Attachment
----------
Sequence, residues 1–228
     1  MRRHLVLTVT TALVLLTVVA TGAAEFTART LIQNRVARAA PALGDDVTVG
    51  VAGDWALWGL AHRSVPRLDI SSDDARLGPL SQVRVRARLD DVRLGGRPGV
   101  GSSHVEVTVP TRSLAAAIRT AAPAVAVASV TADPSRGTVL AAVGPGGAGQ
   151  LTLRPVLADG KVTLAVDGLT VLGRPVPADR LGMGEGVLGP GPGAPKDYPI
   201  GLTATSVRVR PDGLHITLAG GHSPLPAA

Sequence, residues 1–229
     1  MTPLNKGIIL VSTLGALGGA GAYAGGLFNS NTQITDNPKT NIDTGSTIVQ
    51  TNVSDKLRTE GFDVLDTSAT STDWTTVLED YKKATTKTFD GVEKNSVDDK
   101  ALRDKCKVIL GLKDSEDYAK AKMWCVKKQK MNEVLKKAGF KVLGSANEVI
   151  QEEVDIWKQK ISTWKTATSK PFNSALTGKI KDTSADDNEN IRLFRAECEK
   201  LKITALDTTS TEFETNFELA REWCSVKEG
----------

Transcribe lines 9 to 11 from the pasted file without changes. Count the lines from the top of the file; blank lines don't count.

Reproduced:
    51  TNVSDKLRTE GFDVLDTSAT STDWTTVLED YKKATTKTFD GVEKNSVDDK
   101  ALRDKCKVIL GLKDSEDYAK AKMWCVKKQK MNEVLKKAGF KVLGSANEVI
   151  QEEVDIWKQK ISTWKTATSK PFNSALTGKI KDTSADDNEN IRLFRAECEK